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May 29, 2018

The Dark Side of “Clean Eating”

Written by: Erin Burke MS, RDN, LDN

Let me ask a few questions:

  1. How often do you think about your weight?
  2. Are your Instagram and Facebook Feeds overrun with healthy lifestyle gurus?
  3. Do you avoid certain food groups, such as carbohydrates, fats or sugars?
  4. Are you constantly checking food labels for offensive ingredients?

Finding someone who does these things in our society is not hard. In fact, many of these behaviors are actually praised. But here’s the thing: these behaviors, among others, are warning signs and symptoms for a type of disordered eating known as orthorexia. Though not a formally recognized eating disorder, the term orthorexia was developed to describe an obsession with healthy eating.

Wait a minute. An obsession with healthy eating? you may be thinking: isn’t that a good thing?

Let me explain.

Orthorexia starts with good intentions. You might start replacing some snacks foods with fruit, choosing foods with a bit more fiber, and starting your dinner off with a salad. No medical professional will argue that these are healthful behaviors. However, when the pursuit of “clean eating” begins interfering with your life, problems arise. For example, anxiety over food production can lead you to skip dinners out with friends. Parties and social situations become off-limits since “clean” food will not be provided. Physically, malnutrition sets in as major food groups are eliminated. This type of behavior can also lead to a full-blown eating disorder, such as anorexia or bulimia

May is Mental Health Awareness Month. Orthorexia and identified eating disorders, including anorexia-nervosa, bulimia-nervosa, and binge-eating disorder, are serious, potentially life-threatening conditions. As outlined above, they affect both physical and emotional well-being. It is estimated that 20 million women and 10 million men in America will suffer from an eating disorder at some point in their lives (1). Dieting is a major risk factor for the development of an eating disorder, especially among young boys and girls. The National Eating Disorders Association (NEDA) reports that teens to who diet are five times more likely to develop an eating disorder than those who do not (2). How prevalent is dieting? Over one-half of teen girls and over one-third of teenage boys practice unhealthy weight control behaviors. Young girls begin showing concern over their weight and shape by age six. What is contributing to this?

Environmental Triggers.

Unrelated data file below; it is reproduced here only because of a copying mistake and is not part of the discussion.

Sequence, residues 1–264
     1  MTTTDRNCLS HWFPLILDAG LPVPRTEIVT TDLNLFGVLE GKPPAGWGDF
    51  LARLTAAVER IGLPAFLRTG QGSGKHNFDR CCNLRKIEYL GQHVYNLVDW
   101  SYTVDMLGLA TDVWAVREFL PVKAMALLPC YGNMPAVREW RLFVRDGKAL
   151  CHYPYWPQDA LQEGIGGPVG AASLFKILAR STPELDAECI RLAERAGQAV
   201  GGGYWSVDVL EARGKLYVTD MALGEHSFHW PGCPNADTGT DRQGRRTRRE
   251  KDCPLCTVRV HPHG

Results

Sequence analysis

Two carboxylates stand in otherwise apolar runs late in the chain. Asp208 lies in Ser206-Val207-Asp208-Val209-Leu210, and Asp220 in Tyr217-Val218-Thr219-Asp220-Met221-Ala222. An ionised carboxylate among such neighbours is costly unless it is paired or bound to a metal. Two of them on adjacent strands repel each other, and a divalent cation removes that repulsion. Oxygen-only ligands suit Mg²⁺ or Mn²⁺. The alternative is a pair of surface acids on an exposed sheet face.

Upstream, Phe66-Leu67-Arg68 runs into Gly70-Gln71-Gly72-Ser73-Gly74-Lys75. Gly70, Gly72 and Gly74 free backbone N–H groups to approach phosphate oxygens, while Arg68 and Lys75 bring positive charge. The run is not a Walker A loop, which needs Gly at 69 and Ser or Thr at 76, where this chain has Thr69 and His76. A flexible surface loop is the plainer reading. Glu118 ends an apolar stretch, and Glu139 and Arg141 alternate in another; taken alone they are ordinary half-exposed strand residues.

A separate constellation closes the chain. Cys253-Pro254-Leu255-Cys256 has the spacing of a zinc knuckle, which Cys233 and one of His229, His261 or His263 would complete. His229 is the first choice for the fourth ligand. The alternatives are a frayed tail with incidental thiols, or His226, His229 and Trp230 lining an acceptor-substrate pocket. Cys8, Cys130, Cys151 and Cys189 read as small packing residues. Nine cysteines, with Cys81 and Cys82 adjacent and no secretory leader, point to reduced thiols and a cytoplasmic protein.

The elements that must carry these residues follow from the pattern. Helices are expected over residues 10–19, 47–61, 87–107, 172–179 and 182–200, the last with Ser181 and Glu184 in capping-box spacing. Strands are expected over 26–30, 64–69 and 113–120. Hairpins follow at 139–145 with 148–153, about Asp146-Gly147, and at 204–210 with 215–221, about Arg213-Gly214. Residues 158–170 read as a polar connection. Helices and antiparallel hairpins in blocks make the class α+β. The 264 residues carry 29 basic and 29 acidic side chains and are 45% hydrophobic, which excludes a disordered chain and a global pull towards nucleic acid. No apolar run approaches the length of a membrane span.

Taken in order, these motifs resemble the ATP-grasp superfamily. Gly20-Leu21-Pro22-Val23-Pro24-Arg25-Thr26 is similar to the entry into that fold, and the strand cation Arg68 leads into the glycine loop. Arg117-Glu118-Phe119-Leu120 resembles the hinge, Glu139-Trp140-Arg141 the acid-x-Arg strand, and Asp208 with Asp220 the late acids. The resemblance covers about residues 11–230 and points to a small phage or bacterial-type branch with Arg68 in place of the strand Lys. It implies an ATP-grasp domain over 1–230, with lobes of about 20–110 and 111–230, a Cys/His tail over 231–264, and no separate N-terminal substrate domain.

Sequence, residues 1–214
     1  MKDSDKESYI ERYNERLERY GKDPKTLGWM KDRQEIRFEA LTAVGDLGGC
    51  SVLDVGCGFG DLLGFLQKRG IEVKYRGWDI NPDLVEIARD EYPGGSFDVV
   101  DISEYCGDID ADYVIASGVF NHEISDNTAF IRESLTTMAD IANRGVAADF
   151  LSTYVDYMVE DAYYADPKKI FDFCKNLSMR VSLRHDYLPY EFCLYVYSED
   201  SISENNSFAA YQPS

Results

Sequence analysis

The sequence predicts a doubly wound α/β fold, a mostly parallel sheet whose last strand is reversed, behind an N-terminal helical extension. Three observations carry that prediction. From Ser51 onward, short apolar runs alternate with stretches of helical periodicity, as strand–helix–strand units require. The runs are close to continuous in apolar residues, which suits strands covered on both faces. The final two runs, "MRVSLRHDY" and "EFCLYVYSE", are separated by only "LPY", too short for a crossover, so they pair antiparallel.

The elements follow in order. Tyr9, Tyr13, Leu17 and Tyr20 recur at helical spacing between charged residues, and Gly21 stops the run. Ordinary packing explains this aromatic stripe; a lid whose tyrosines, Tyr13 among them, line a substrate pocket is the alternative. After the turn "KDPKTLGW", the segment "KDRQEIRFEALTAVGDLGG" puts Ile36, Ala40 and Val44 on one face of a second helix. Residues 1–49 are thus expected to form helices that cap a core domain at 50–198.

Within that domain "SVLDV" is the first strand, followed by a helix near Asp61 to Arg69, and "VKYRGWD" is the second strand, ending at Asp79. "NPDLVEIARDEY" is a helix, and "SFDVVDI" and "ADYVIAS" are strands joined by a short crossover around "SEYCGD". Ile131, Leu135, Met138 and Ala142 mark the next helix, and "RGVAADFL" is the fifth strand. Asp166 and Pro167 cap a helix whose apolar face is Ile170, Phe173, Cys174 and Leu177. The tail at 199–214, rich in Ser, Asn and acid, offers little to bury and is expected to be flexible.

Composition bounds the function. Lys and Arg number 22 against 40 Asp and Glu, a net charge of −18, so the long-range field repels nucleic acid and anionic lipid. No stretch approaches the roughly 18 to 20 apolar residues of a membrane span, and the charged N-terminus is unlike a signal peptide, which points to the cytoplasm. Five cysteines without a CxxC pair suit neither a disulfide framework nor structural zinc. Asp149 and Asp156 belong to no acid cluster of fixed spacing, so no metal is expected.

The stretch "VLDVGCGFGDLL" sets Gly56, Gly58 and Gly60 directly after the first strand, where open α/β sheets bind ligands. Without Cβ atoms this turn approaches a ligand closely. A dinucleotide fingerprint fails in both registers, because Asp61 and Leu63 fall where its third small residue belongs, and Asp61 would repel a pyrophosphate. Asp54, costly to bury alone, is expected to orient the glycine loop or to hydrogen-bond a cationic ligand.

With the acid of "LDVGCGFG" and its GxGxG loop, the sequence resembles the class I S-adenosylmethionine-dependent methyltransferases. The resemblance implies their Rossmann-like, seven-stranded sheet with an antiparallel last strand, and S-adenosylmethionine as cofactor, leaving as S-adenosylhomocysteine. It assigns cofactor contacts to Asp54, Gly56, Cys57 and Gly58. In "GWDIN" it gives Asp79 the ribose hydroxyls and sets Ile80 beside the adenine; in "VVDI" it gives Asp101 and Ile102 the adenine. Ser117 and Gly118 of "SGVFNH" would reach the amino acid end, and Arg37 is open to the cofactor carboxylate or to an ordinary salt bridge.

Eating disorders are caused by a complex interaction between genetics, the nervous system, personality characteristics, and environmental factors. However, disordered eating behaviors (eliminating foods or food groups, extreme exercise, laxative abuse, and following very low-calorie diets) are thought to be much more common. The idealization of thinness, bullying and weight stigma are all major societal triggers for dieting.

Eating disorder, and orthorexia, do not discriminate.

When you think of a person with an eating disorder, you may think of a thin, young white female. The truth is, eating disorders can affect both men and women of all ages, sizes, cultural backgrounds, sexual orientations, races, ethnicities and socioeconomic status.

What is a healthy approach?

Disordered eating behaviors are so common today that they may even feel “normal”. However, it is a slippery slope. Remember: Nutrition is not black and white. There are truly no “good” or “bad” foods. Food choices do not fulfil a moral obligation. If you find that you are anxious or distressed about eating a particular food, or feel guilty or ashamed after eating, seek help immediately. Remember that bodies come in all shapes and sizes, and consider taking a weight-neutral approach to health. Choose foods and exercises that make you feel good, rather than choosing those that feel like a punishment. Make health decisions from a place of self-compassion rather than self-hate.

The National Eating Disorder Association has developed a screening tool to help you assess whether your behaviors toward food, exercise, and your body are healthy or harmful. Check it out here (

If you are struggling to find a healthy balance to nutrition, exercise, and/or body image, reach out to schedule an appointment with an Avance Care Behavioral Wellness counselor and registered dietitian by calling (919) 237-1337, option 3.



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Erin Burke is an RD/N working at the North Raleigh and Central Raleigh offices. She enjoys running, yoga, working in her yard, and snuggling with her dog, Lottie. She is passionate about promoting a healthy lifestyle in a non-judgmental environment.

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